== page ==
Last week, we talked “knowledge,” and specifically how it compares to “data.” One-to-one web marketing relies on data, but it really operates using the marketer’s knowledge of its customers and prospects. The difference between traditional marketing and one-to-one marketing is like the difference between studying astronomy with the naked eye versus the Hubble telescope.
With the latter, the information at hand is powerful. With the former, it’s mostly guesswork.
Marketers turn data into knowledge by using the information, insight and understanding gained over time in their relationships with customers. With mass marketing and target marketing, marketers were required to perform a lot of guessing and forecasting to generate a higher response to promotions.
With the web, we give the customer the power, choice and means to help us build a knowledge base. Marketers no longer have to make guesses and assumptions. They simply offer customers exactly what they are requesting, or they make educated recommendations that the customer will tend to act upon. So one-to-one web marketing increases customer response and loyalty, which translates into more revenue.
“Mr. Smith, We Have a Special on Lemon Pies This Week.”
In the book, Internet Guide to One-To-One Web Marketing, my co-authors and I discuss how web marketing is strangely enough much like marketing before the Industrial Age:
“In the many years before the Industrial Age, marketing was done by the local merchant — the butcher, the baker and the candlestick maker. The local merchant knew everything about his or her customers, by memory or by recording information on accounts. This interaction between the customer and merchant was one-to-one marketing With one-to-one web marketing, we can be merchants of the high-tech kind.”
If you are a regular customer at a local bakery, you have probably experienced knowledge-based marketing first hand. The baker has relied on her memory, or has used a customer account card/database to track your past purchases. Armed with this knowledge, the baker recommends a special lemon-pie promotion this week. So invited (and charmed by the invitation), you are likely to act on this special and stock your cupboard with lemon pies.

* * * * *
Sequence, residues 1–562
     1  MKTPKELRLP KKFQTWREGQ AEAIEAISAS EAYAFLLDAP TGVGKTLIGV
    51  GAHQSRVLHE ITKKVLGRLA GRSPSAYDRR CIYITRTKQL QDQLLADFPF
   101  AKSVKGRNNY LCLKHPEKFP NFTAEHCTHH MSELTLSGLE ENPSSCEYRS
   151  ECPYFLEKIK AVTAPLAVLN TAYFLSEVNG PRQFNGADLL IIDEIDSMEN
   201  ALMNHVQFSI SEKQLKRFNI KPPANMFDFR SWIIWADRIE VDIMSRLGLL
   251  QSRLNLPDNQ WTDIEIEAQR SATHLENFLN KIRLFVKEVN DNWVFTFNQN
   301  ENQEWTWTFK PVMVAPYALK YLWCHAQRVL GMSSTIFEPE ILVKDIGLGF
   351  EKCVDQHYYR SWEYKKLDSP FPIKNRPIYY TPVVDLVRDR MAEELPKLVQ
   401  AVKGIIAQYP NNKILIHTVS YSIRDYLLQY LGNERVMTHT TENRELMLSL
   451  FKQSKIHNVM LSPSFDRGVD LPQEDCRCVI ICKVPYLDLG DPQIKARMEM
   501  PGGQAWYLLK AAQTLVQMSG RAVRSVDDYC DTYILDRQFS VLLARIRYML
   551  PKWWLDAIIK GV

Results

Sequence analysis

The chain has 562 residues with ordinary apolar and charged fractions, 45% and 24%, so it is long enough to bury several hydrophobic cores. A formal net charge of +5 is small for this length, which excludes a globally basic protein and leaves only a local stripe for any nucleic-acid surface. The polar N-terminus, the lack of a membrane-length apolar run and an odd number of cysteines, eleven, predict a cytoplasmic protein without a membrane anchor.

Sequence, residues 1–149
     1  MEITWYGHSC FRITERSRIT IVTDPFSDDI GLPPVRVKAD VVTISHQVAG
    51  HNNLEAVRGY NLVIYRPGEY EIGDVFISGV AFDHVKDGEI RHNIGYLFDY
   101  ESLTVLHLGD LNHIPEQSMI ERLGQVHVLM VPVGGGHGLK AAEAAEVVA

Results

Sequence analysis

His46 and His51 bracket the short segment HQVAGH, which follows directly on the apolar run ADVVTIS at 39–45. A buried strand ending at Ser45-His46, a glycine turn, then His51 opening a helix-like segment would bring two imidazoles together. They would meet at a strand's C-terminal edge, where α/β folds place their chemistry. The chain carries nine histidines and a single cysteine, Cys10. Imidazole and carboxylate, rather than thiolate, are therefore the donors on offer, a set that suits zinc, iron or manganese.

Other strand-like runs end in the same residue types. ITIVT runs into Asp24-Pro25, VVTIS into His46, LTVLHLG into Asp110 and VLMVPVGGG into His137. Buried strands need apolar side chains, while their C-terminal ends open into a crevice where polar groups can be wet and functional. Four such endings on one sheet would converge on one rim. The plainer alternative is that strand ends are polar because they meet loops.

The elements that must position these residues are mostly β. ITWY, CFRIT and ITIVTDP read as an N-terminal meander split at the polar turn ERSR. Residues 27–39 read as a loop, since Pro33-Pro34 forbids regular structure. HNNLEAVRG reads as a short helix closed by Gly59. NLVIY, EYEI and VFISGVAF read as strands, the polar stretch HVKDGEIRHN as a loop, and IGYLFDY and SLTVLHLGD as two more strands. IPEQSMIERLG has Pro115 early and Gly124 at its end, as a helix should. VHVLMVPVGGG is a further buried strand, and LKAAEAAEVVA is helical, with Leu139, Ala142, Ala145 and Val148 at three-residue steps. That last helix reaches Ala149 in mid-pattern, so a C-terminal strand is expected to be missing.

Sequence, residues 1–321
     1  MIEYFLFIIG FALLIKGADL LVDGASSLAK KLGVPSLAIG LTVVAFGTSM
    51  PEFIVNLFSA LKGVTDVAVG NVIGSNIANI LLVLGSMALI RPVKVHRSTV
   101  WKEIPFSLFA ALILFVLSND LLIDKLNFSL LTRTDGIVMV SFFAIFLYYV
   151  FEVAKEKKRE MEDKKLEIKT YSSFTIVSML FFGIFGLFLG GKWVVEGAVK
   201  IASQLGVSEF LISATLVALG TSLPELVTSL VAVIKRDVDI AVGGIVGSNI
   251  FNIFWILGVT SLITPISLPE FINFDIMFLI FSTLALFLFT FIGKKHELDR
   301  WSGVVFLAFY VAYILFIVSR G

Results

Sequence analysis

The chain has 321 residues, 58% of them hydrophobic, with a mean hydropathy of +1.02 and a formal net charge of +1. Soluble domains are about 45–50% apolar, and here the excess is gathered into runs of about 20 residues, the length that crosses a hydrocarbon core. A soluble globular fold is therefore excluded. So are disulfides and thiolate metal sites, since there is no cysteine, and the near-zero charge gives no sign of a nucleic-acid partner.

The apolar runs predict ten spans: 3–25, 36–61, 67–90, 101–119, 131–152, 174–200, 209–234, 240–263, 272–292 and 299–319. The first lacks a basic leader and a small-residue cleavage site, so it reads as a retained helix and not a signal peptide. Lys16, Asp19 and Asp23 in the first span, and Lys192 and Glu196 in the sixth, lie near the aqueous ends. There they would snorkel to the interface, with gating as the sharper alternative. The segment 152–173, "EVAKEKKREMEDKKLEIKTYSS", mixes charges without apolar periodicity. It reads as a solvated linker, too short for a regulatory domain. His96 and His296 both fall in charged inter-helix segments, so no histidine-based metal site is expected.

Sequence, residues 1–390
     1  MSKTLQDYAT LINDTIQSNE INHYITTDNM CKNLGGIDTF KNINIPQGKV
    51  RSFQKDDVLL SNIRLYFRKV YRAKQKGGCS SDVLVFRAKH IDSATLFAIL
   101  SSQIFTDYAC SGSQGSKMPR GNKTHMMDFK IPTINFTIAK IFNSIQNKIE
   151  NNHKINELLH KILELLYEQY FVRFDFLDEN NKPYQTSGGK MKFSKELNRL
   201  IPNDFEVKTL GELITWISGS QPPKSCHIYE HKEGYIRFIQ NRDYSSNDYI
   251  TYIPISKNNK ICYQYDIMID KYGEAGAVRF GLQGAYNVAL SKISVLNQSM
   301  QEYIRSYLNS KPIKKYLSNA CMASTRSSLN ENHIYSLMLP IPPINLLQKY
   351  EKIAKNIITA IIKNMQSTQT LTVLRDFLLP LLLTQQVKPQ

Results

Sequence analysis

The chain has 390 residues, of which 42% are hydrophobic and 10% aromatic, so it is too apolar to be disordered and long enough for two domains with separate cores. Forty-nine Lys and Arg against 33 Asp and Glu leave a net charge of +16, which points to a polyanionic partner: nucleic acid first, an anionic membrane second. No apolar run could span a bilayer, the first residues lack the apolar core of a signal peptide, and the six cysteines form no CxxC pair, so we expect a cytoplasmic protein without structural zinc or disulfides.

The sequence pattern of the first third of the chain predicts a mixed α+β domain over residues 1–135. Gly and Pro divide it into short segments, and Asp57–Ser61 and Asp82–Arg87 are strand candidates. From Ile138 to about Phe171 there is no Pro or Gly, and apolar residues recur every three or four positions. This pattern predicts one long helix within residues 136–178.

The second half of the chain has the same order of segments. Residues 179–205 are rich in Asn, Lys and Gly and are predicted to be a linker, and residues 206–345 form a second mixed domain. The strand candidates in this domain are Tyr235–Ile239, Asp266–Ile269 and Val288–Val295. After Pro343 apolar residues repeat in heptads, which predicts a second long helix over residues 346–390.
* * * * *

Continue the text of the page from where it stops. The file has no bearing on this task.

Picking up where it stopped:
The baker cannot do this with gigabytes of data alone. Instead, she does this with the knowledge she has built from the relationship she has cultivated with you on your weekly visits to the bakery.
Building A Relationship
Immediate gratification is not an attribute of successful one-to-one web marketing. In order to take advantage of the benefits of this type of marketing, you will want to create a one-to-one marketing plan using long-term objectives. Knowledge is built over the duration of the customer’s relationship with your company. Each and every customer interaction will add another useful tidbit of information to your knowledge base.
So how does someone build relationships with online customers?
You should look at your customer base as a collection of unique customers rather than a single database of all your customers. Marketers are used to looking at demographic segments instead of individual customers.
No two customers are exactly alike, even if they “fit” within a certain demographic segment. One 35-year-old female who owns a home, drives a four-door sedan and lives in Boston is not exactly the same as another woman fitting the same demographic profile. There are other attributes to consider that are tied to lifestyle and interest characteristics. The two women may have totally different preferences in clothing, music, food, books, home d cor, recreational activities, and so on, ad infinitum. Thus their needs for information, products and services will be remarkably different.
The beauty of the web is that marketers can now capture customer knowledge with finite detail. The key technology that enables marketers to capture this information is online profiling.
Basically, online profiling is the activity of involving the customer — either actively or passively — in building a unique database that stores transaction, demographic, psychographic and other data. There are two methods used in building online profiles of unique customers: “declarative” and “behavioral” data.
Declarative data is information that customers actively provide when building their own online profile on your web site. For example, if a customer decides to personalize your web page to his preferences, they will select attributes that are unique to them.
Behavioral data is information that is captured via web logs where you capture a customer’s clicks and transaction data. Both types of data are important to one-to-one web marketing. (Next week, BTW, I will cover online profiling in greater detail.)
Building Trust and Respect
No marketer will truly experience the economic benefits of one-to-one web marketing if customers don’t participate in the process. All of that money and time invested in a web personalization application or targeted online advertising campaign will be wasted.
Studies of web users have shown that users don’t trust the people behind the web sites enough to reveal personal information or use credit cards for online purchases. Many Internet users have admitted to inputting false information when they fill out a web registration form. This information is misleading and useless to the web marketer.
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